Economic Report: Soaring U.S. worker pay stalled in February, but probably not for long

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If the U.S. economy is suffering from the worst labor shortage in decades, why didn’t worker pay increase sharply again in February like it did in the previous 10 months?

Hourly pay rose just a penny in February to $31.58, the government said Friday, marking the smallest increase since January of last year.

It was the biggest surprise of an otherwise strong February employment report and the only disappointing number.

Read: U.S. gains 678,000 jobs in February and unemployment drops to 3.8%

Businesses have been complaining loudly about a big labor shortage and not being able to find workers. Many say they’ve had to offer signing bonuses or boost pay to fill a record 11 million open jobs.

The result has been the fastest increase in wages since the early 1980s. The yearly increase in pay jumped to as high as 5.5% at the start of 2022 before slipping to 5.1% in February.

By contrast, Wall Street had expected a sharp 0.5% increase.

If labor was as hard to find as businesses say, economists point out, wages should keep rising sharply. Companies will have to pay more to attract or retain talent, especially with a record number of people quitting for better opportunities.

“A labor market that is supposed to be extraordinarily tight does not register 0.0% average hourly earnings growth,” said Alex Pelle, U.S. economist at Mizuho Group.

Read: ‘Omicron is in the past’ — economists react to strong February jobs report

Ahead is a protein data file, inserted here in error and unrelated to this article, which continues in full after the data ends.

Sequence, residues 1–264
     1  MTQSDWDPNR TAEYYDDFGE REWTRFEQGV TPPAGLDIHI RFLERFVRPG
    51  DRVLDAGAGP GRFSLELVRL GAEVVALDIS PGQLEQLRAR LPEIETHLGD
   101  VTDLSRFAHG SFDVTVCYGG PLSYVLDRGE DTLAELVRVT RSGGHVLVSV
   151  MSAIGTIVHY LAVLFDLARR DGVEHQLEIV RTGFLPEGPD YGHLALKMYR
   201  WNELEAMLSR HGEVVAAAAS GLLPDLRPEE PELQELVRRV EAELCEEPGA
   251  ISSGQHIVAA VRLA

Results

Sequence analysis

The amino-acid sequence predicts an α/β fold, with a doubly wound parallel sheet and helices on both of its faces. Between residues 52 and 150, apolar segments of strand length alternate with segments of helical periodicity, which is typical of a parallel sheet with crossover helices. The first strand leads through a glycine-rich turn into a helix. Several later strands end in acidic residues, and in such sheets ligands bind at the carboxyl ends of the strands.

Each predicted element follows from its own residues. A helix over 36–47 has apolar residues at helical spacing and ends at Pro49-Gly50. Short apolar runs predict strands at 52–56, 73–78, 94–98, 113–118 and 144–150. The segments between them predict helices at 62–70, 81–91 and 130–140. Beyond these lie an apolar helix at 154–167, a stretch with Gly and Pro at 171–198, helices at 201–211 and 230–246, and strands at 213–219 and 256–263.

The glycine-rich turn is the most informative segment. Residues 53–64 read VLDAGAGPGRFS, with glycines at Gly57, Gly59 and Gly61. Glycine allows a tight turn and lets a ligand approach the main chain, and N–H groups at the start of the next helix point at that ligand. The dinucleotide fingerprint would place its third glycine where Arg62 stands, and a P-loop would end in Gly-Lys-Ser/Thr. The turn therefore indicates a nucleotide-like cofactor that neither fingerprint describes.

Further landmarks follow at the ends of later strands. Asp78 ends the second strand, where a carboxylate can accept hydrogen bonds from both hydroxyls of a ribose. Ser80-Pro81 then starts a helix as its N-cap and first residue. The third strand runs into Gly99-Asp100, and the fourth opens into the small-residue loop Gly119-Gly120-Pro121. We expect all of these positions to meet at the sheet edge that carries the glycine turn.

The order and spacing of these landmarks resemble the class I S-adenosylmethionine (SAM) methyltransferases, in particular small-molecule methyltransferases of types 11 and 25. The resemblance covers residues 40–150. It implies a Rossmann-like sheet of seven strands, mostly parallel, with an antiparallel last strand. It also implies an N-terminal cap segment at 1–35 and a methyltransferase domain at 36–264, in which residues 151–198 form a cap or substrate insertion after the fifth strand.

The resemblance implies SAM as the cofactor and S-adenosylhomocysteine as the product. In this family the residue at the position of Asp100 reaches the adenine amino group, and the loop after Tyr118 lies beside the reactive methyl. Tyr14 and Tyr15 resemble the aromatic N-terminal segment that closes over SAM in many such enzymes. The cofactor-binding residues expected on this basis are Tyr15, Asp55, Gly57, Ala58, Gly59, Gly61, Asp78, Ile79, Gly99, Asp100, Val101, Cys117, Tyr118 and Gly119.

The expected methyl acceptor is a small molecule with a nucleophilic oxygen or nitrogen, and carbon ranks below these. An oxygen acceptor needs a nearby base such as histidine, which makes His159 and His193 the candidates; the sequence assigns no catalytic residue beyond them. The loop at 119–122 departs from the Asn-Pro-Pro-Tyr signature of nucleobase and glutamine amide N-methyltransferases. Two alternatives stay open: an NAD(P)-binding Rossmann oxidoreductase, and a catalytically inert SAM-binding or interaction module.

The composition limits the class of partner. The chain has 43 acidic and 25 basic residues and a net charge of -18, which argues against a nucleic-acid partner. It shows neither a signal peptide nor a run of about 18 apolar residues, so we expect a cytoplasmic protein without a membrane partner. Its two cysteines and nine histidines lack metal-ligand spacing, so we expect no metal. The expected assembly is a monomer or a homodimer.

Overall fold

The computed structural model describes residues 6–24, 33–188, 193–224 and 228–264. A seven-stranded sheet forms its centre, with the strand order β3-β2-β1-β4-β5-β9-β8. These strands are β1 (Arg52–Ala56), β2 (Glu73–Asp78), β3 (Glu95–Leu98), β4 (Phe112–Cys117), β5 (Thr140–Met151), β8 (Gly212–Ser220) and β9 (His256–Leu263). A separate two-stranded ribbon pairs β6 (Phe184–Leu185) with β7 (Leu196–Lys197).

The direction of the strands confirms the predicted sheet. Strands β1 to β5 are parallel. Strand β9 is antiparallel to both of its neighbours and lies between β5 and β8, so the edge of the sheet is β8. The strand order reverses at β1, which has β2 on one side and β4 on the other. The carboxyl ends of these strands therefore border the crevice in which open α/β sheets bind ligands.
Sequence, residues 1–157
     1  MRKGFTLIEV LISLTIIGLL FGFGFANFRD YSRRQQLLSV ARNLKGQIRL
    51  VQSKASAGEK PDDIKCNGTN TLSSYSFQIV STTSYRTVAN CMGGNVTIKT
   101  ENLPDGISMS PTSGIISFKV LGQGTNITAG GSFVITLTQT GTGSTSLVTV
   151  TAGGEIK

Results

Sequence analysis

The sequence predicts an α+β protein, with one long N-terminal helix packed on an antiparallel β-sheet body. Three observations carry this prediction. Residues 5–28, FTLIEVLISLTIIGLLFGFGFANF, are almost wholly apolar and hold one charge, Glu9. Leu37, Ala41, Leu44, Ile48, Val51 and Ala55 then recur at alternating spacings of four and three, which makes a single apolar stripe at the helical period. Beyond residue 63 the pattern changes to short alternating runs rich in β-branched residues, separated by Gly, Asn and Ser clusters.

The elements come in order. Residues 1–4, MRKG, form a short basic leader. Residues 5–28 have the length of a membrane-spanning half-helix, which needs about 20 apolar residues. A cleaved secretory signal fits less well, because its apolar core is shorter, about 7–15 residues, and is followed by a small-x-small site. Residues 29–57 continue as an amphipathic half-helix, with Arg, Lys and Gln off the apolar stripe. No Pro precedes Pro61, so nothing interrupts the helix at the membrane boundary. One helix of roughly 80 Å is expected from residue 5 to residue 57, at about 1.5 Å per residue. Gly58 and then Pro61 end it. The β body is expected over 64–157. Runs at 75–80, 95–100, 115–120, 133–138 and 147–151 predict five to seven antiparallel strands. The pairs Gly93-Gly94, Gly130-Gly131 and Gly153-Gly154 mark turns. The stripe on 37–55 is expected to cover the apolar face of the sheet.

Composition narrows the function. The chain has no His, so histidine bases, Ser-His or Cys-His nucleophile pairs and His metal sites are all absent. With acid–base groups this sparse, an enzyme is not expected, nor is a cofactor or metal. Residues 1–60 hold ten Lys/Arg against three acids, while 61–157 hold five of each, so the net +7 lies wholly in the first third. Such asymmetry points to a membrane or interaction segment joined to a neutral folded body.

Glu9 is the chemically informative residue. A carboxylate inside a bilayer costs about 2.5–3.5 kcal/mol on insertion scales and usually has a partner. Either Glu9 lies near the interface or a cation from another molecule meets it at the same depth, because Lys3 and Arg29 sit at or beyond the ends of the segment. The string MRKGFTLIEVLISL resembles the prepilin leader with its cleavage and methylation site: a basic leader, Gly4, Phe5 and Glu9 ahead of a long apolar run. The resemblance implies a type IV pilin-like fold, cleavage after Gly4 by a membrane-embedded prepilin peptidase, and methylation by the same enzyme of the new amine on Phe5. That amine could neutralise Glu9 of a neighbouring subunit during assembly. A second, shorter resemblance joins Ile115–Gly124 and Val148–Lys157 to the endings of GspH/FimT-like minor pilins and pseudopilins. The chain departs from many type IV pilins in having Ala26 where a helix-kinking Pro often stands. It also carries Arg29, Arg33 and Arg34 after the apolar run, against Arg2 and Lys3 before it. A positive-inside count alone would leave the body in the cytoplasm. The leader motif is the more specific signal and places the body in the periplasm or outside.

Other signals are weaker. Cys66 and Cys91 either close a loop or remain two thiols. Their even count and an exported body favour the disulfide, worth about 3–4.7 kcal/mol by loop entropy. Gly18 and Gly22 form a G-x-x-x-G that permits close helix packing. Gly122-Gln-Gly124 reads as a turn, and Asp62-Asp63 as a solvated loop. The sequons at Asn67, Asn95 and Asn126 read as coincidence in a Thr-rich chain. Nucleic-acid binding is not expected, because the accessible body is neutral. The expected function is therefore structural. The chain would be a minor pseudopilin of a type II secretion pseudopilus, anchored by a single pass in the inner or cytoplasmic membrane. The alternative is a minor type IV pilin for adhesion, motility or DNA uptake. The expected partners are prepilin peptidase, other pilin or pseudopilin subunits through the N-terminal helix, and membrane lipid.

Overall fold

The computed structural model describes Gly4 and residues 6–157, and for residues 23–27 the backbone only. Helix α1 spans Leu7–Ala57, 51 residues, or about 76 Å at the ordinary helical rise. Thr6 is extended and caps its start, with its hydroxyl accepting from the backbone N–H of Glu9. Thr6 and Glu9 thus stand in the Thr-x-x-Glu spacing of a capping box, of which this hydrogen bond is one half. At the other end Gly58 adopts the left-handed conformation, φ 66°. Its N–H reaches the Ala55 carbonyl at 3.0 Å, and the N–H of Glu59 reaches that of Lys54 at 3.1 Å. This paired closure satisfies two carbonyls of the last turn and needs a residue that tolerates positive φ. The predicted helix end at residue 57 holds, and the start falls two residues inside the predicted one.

There’s two possible explanations.

The most likely is that flat wage growth in February is an aberration. The government’s employment report has struggled to capture month-to-month changes in the labor market because of the pandemic and have been subject to large revisions later on.

“The flat average wage in February is likely a fluke, and the tight labor market will drive strong wage growth in the months ahead,” contended chief economist Gus Faucher of PNC Financial Services.

Some business executives agree. One senior executive told ISM that “corporations need to increase wages and salaries to attract talent and get work done.”

The other explanation is that the labor-market shortage is beginning to ease.

Some 300,000 people entered the labor market in February, pushing the increase over the past six months to 2.5 million. Perhaps not coincidentally, economists note, the surge in the labor force began around the time that extra federal benefits for the unemployed expired.

What’s more, the size of the labor force grew to 164 million last month — not far from the pre-pandemic level of 164.6 million.

That’s not to say the labor market has fully recovered.

The economy had been adding around 1.5 million people a year to the labor market before the pandemic.

Various estimates suggest the U.S. is still missing 2 million to 3 million workers — workers that businesses desperately need to keep up with strong demand for their goods and services.

The good news is, the gap could be eliminated in six months if hiring keeps up at the same pace. That will only make the labor market even tighter and underpin the surge in wages.

The bad news? Wage growth is not keeping up with inflation. The cost of living rose a sharp 7.5% as of January — the biggest increase since 1982.

Inflation is widely expected to ease later in the year, but it’s still likely to range around 3% to 4%, economists predict.

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